Invest in Your Health

Practical Tips from Nutritional Therapists

It helps to remind ourselves that our body is a blessing from God, and that it has a right on us. We should therefore be aware of what we are feeding it.

Let us free ourselves from attitudes such as “I don’t have time to prepare food, I’ll just eat anything when I feel hungry” and “my stomach can digest anything!”

Be the first at work, at school or at home to make some small, but continuous, changes that can make you feel significantly more energized.

Fresh Start

Start your day with a balanced and tasty breakfast; homemade Muesli. In a small bowl add half a handful of oats, ½ a chopped apple and ½ a banana, sprinkle some desiccated coconut and cinnamon powder, add 3-4 almonds and walnuts (unroasted, unsalted and unsweetened) and a few pumpkin seeds.

Add fresh organic milk, yogurt, soya, coconut or almond milk. If you are too tight with time in the morning, you can always turn the above recipe into a smoothie and drink it on your way to work!

Guilt-Free Snacks ‘On-The-Go’

Make some time from the night before to prepare some in-between meal healthy snacks:

Fresh fruits with a few nuts make a great snack. Fruits are a good source of fiber for gut health, vitamins, minerals and anti-oxidants. To get the best benefits make sure to vary your choice of fruits.

Nuts like almonds and walnuts have high nutritional value, as they contain proteins that help slow down the release of natural sugars from the fruits as well as keeping you fuller for longer (Weatherby, 2004).

Nuts are also a good source of the essential fatty acids, particularly walnuts, while almonds provide a good source of magnesium which is essential for energy production (Osiecki, 8th Edition).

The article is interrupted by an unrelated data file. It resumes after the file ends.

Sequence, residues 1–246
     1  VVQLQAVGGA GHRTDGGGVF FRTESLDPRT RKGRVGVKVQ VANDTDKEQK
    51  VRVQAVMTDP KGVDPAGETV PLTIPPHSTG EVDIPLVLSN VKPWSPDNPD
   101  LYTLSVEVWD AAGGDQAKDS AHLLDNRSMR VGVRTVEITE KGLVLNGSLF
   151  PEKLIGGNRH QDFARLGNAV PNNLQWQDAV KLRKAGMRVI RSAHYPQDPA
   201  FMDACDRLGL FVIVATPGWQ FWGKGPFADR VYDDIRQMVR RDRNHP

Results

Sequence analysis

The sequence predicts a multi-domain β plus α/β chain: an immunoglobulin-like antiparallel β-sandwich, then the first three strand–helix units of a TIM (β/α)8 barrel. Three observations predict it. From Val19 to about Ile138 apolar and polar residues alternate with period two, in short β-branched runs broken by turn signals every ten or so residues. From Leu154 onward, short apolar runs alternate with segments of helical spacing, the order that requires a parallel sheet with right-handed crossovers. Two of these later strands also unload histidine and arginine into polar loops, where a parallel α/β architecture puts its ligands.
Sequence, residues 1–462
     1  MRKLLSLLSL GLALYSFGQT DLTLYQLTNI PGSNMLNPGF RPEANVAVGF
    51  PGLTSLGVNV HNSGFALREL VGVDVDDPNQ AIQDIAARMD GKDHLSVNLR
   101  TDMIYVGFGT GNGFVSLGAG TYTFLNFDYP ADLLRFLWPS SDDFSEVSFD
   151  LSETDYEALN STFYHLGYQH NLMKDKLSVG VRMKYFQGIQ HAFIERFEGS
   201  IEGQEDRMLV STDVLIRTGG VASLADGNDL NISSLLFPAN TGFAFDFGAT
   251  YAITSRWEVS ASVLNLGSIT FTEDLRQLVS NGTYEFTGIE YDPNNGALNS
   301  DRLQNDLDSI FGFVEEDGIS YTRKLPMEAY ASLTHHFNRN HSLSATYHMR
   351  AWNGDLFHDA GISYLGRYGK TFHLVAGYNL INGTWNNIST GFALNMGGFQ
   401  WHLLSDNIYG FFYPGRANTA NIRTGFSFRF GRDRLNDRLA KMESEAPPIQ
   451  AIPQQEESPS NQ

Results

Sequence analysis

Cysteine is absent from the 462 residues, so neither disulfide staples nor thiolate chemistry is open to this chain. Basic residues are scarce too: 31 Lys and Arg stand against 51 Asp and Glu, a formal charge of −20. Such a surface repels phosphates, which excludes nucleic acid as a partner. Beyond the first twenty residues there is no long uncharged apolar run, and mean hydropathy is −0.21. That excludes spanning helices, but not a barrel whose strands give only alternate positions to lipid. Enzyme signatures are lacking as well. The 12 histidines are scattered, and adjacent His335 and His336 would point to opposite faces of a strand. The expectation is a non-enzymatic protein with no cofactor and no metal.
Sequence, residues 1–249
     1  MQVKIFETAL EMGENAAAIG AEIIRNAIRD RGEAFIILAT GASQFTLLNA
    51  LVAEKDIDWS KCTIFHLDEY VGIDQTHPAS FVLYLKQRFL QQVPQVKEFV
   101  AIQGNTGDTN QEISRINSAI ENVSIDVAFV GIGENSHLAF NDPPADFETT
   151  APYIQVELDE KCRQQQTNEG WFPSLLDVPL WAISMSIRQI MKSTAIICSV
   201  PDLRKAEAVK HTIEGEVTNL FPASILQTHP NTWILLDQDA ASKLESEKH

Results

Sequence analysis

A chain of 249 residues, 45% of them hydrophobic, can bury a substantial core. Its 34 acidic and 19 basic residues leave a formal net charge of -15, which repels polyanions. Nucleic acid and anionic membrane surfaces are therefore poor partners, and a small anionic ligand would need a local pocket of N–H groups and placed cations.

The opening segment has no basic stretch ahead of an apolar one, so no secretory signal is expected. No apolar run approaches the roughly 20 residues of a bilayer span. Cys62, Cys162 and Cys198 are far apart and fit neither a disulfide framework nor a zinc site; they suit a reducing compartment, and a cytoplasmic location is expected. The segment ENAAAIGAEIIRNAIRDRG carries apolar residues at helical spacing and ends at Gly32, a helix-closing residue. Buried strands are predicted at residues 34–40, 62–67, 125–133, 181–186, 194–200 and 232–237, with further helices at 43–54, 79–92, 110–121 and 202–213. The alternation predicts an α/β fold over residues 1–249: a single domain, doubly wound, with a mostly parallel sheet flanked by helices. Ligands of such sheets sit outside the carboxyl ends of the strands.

Final Reminder

Maintaining balance and moderation in life gives us the energy to realistically reach our goals. According to Mary Ann Bauman, a US doctor and fatigue expert, unfinished tasks are major energy stealers.

She advises that if at the end of the day, you sit for a few minutes and focus on what you have completed, and have a few ideas on how to complete tomorrow’s tasks, you’ll leave work or any task you are doing feeling satisfied, accomplished and energized.

It is also very relieving to keep in mind the hadith of the beloved Prophet (PBUH) when he once asked a companion: “(Is it true) that you fast all day and stand in prayer all night?” The companion replied that the report was indeed true. The Prophet then said: “Do not do that! Observe the fast sometimes and also leave (it) at other times. Stand up for prayer at night and also sleep at night. Your body has a right over you, your eyes have a right over you and your wife has a right over you.” – Sahih Al-Bukhari, Volume 7, Hadith 127.

This article is from Science’s archive, originally published on an earlier date.

References:

Joseph E. Pizzorno Jr., M. T.-B. (2008). The Clinician’s Handbook of Natural Medicine. St. Louis: Churchill Livingstone Elsevier.

Liska, D. e. (2004). Clinical Nutrition A Functional Approach. Washington: The Institute for Functional Medicine.

Osiecki, H. (8th Edition). The Nutrient Bible. Eagle Farm, Australia: AG Publishing.

Weatherby, D. N. (2004). Signs and Symptoms Analysis from a Functional Perspective. Nutritional Therapy Association, Inc, R.


About Sherin Saad

​Sherin Saad is a pharmacist that has recently qualified as a Nutritional Therapist from The College of Naturopathic Medicine in Edinburgh, UK. She is currently pursuing an M.Sc. in Personalized Nutrition. Sherin is interested in looking at how simple nutritional and lifestyle changes tailored for each person can have a big impact on the overall health and well-being of a person. Sherin is an Egyptian who was born in Sweden and raised between both countries. After her postgraduate studies in the UK, she has moved to Switzerland with her husband where she is learning more about how Muslim minorities cope in different European countries.